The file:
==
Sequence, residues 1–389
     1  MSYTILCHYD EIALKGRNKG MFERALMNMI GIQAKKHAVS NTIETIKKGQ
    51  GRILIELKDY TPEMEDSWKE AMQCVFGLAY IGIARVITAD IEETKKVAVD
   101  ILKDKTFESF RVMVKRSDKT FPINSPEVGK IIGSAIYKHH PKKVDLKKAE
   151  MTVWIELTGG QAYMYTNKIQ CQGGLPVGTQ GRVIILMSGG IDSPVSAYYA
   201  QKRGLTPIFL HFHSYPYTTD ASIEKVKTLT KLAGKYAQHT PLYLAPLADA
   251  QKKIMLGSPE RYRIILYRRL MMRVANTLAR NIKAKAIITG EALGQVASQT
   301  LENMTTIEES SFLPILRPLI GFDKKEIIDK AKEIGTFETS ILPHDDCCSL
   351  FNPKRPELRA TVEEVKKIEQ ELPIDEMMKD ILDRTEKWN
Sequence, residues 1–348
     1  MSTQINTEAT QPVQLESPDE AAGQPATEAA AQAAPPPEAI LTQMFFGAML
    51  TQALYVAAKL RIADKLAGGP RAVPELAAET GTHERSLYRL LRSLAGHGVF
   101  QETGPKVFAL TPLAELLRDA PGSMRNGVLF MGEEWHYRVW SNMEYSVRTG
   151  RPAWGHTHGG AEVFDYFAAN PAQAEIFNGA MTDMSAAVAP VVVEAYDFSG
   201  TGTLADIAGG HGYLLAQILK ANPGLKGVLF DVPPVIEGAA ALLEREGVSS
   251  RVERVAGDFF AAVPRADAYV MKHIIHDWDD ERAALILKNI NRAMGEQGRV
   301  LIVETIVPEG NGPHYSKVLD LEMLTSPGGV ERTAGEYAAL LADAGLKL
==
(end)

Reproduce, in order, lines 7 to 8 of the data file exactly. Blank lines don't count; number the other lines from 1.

   251  QKKIMLGSPE RYRIILYRRL MMRVANTLAR NIKAKAIITG EALGQVASQT
   301  LENMTTIEES SFLPILRPLI GFDKKEIIDK AKEIGTFETS ILPHDDCCSL